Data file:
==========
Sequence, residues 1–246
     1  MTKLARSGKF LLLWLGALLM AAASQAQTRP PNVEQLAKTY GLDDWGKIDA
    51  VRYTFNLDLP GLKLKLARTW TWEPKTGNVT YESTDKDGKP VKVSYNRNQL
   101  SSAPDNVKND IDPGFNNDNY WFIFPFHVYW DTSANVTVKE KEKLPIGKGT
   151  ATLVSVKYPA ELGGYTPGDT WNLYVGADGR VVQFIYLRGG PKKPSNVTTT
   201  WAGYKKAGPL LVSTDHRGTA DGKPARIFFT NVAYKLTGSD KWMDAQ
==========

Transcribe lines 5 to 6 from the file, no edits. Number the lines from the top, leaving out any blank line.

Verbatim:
   151  ATLVSVKYPA ELGGYTPGDT WNLYVGADGR VVQFIYLRGG PKKPSNVTTT
   201  WAGYKKAGPL LVSTDHRGTA DGKPARIFFT NVAYKLTGSD KWMDAQ